De-Cluttering Your House

This is the hardest thing for most people to do because they are emotionally attached to everything in the house. After years of living in the same home, clutter collects in such a way that may not be evident to the homeowner. However, it does affect the way buyers see the home, even if you do not realize it.

Clutter collects on shelves, counter tops, drawers, closets, garages, attics, and basements. You want as much open clear space as possible, so every extra little thing needs to be cleared away.Take a step back and pretend you are a buyer. Let a friend help point out areas of clutter, as long as you can accept their views without getting defensive. Let your agent help you, too.

Kitchen Clutter

The kitchen is a good place to start removing clutter, because it is an easy place to start. First, get everything off the counters. Everything. Even the toaster. Put the toaster in a cabinet and take it out when you use it. Find a place where you can store everything in cabinets and drawers. Of course, you may notice that you do not have cabinet space to put everything. Clean them out. The dishes, pots and pans that rarely get used? Put them in a box and put that box in storage.

You see, homebuyers will open all your cabinets and drawers, especially in the kitchen. They want to be sure there is enough room for their "stuff." If your kitchen cabinets, pantries, and drawers look jammed full, it sends a negative message to the buyer and does not promote an image of plentiful storage space. The best way to do that is to have as much "empty space" as possible. For that reason, if you have a "junk drawer," get rid of the junk. If you have a rarely used crock pot, put it in storage. Do this with every cabinet and drawer. Create open space.

If you have a large amount of foodstuffs crammed into the shelves or pantry, begin using them – especially canned goods. Canned goods are heavy and you don’t want to be lugging them to a new house, anyway – or paying a mover to do so. Let what you have on the shelves determine your menus and use up as much as you can.

Beneath the sink is very critical, too. Make sure the area beneath the sink is as empty as possible, removing all extra cleaning supplies. You should scrub the area down as well, and determine if there are any tell-tale signs of water leaks that may cause a homebuyer to hesitate in buying your home.

Ceilings, Walls and Painting

Check all the ceilings for water stains, whether the leak is caused by plumbing or a faulty roof. Find the leak and repair it and make sure a proper job is done. Nothing irritates a buyer more than finding out - after the fact - about plumbing or roofing leaks. They will be talking about calling a lawyer faster than your car engine starts when you turn the ignition key.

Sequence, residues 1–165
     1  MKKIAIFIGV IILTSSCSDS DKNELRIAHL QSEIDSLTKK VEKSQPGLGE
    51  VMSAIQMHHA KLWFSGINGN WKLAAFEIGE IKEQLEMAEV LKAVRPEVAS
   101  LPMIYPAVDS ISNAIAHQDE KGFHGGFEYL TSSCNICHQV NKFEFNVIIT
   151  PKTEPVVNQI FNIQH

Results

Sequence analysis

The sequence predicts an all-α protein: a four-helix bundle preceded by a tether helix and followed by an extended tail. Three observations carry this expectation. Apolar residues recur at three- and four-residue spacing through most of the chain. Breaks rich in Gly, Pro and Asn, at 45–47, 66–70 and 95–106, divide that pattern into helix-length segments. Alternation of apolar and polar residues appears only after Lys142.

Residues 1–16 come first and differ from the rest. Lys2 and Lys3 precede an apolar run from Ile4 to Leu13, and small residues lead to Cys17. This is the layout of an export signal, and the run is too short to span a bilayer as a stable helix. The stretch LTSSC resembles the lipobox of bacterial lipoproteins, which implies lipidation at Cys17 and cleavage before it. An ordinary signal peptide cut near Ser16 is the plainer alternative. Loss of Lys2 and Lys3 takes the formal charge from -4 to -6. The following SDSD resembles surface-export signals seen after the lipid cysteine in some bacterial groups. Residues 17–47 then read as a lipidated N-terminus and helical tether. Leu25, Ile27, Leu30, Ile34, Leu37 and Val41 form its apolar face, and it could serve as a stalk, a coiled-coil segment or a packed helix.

If a water stain is left after something you have already repaired, do the cosmetic work necessary to improve the desirability of your home. That means painting. You may have to paint anyway, especially if dirt has accumulated in spots or you have an outdated color scheme. Painting makes a home look fresh and new on the inside and never fails to impress.

Painting can be your best investment when selling your home. It is not a very expensive operation and often you can do it yourself. Do not choose colors based on your own preferences, but based on what would appeal to the widest possible number of buyers. You should almost always choose an off-white color because white helps your rooms appear bright and spacious.

Carpet and Flooring

Unless your carpet appears old and worn, or it is definitely an outdated style or color, you probably should do nothing more than hire a good carpet cleaner. If you do choose to replace it, do so with something inexpensive in a fairly neutral color. Repair or replace broken floor tiles, but do not spend a lot of money on anything. Remember, you are not fixing up the place for yourself. You want to move. Your goal is simply to have few negative impressions upon those who may want to purchase your property.

Closet Clutter

Closets are great for accumulating clutter, though you may not think of it as clutter. We are talking about extra clothes and shoes – things you rarely wear but cannot bear to be without. Do without these items for a couple of months by putting them in a box, because these items can make your closets look "crammed full." Sometimes there are shoeboxes full of "stuff" or other accumulated personal items, too.

Furniture Clutter

Many people have too much furniture in certain rooms – not too much for your own personal living needs – but too much to give the illusion of space that a homebuyer would like to see. You may want to tour some builders’ models to see how they place furniture in the model homes. Observe how they place furniture in the models so you get some ideas on what to remove and what to leave in your house.

Storage Area Clutter

Basements, garages, attics, and sheds accumulate not only clutter, but junk. These areas should be as empty as possible so that buyers can imagine what they would do with the space. Remove anything that is not essential and take it to the storage area. Or have a garage sale.